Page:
September 14, 2011

Revered by Sumerians, Egyptians, Greeks, and other ancient civilizations for its ability to ease pain, the opium poppy has yielded a number of chemical compounds that have revolutionized the control of pain as well as contributed to problems of addiction in modern societies. Morphine, one of the most powerful pain relievers known, was isolated from opium by a German pharmacologist in 1803. In 1874, a British chemist experimenting with morphine produced diacetylmorphine, a semisynthetic opiate marketed in 1898 by Bayer and Company under the name “heroin” (from the German word, heroisch, meaning “heroic” or “powerful”) as a medicine for coughs, pneumonia, tuberculosis, and other ailments. Shortly after its introduction, the addictive nature of heroin became evident to the medical community.

Several waves of heroin addiction have been identified in the United States. For about the first two decades after its introduction, most heroin addiction was iatrogenic, sometimes associated with its prescription for morphine addiction. The Harrison Act of 1914 strictly regulated the use of heroin, and the legal sale of heroin was prohibited. Due to increasing problems surrounding heroin addiction, the U.S. Public Health Service opened narcotic hospitals in Lexington, Kentucky (1935) and in Fort Worth, Texas (1938). After World War II, African Americans and Hispanics in inner cities, in particular, were most affected by a second wave of heroin addiction. A third wave of heroin addiction began in the 1960s and continued throughout much of the Vietnam War era. The National Institute on Drug Abuse was established in 1973, partly in response to increases in heroin abuse during this period. Most data indicate that the United States is in the midst of a fourth wave of heroin addiction that began in the early 1990s in some areas of the country. In this latest wave, many new heroin users have been young (18-25) whites of middle-class background.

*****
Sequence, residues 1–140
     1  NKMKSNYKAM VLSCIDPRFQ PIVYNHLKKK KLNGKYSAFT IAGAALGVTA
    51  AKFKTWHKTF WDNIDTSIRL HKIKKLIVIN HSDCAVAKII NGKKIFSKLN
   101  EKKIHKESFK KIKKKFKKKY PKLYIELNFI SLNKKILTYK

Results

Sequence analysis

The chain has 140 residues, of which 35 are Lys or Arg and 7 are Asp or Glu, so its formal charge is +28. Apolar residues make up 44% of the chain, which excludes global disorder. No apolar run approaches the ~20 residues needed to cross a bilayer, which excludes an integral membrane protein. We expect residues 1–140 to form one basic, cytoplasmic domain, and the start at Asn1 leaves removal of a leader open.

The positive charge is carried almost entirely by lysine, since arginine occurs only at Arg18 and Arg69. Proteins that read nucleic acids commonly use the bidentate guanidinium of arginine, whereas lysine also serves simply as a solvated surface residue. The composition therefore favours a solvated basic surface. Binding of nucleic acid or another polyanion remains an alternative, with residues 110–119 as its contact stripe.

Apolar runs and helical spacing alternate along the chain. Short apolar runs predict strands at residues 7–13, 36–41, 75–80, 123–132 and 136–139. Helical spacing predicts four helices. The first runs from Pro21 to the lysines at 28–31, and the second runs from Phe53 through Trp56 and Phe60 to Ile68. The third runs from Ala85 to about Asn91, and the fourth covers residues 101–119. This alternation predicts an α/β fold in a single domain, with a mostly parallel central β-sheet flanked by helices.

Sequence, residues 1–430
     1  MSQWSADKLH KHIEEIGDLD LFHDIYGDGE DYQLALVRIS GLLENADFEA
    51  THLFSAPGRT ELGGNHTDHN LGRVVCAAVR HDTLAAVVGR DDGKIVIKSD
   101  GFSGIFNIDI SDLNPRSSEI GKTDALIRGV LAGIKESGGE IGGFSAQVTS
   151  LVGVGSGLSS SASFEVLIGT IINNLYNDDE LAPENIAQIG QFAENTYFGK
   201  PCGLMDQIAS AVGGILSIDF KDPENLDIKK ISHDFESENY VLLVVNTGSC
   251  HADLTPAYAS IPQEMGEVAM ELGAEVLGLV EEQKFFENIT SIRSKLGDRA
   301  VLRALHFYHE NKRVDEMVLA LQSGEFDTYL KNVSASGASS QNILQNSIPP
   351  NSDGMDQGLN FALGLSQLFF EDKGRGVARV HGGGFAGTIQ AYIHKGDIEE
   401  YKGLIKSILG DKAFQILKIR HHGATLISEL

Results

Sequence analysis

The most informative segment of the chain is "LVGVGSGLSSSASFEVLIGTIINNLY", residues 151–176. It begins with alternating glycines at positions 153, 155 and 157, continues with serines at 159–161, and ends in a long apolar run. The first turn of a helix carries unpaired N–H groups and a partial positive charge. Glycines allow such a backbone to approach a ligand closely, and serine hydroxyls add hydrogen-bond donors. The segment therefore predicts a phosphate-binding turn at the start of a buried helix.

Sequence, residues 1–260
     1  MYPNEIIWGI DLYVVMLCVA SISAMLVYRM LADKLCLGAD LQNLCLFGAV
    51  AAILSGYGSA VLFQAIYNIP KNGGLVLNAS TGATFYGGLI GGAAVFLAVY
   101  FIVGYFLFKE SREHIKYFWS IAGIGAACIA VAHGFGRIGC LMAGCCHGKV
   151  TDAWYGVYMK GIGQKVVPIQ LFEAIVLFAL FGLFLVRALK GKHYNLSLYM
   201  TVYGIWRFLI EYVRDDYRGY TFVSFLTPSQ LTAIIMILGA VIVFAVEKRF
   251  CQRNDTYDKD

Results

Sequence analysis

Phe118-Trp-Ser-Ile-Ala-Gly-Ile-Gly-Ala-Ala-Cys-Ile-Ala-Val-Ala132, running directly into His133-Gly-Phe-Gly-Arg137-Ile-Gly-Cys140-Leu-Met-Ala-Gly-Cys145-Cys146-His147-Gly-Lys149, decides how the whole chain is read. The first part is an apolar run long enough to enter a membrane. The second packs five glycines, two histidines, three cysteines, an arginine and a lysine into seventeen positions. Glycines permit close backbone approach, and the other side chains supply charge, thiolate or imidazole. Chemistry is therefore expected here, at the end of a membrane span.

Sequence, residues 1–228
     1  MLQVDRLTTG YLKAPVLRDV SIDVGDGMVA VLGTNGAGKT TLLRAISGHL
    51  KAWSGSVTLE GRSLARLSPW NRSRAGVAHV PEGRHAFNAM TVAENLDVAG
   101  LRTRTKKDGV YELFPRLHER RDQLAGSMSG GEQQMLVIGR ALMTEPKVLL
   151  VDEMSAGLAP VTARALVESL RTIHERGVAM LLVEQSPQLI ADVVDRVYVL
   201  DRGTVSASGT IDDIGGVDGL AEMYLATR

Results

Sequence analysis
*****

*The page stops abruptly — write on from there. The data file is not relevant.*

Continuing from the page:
United Nations estimates suggest there were about 8 million heroin users worldwide in 2000, with almost 1 million “hard-core” (weekly use or more) users in the United States. Major sources of heroin in the United States include Mexico, Southeast Asia, Southwest Asia, and, more recently, Colombia and South America. While heroin typically is sold in powdered form, some Mexican heroin is a tar-like substance. Depending on its purity and form, heroin can be snorted (inhaled through the nasal passages), smoked, injected under the skin (“skin-popping”), or injected intravenously. Intravenous injection of heroin was rare until about 1930.

Whatever the route of administration, heroin produces a “rush” characterized by exhilarating feelings of euphoria, well-being, energy (at least initially), and power, followed by somnolescence—the “nod.” This is why it is referred to on the streets as “boy,” the “king” of drugs, in contrast to cocaine, or “girl,” the weaker of the two. Use of heroin several times a day for several weeks results in physical dependence. Dependent heroin users experience painful, flu-like withdrawal symptoms when they cannot use the drug. Although not often life threatening, withdrawal symptoms are extremely unpleasant. At this stage, more frequent and/or larger doses of heroin are needed just to remain feeling “normal.” The daily cost of a heroin habit can exceed $200. Physical withdrawal symptoms often motivate some heroin users to engage in illegal activities such as shoplifting, theft, fraud, prostitution, and other crimes to obtain the money needed to purchase enough of the drug. Importantly, some people experiment with heroin and never become dependent, but the number of experimenters is unknown. In addition, some people use heroin occasionally over long periods of time without becoming dependent.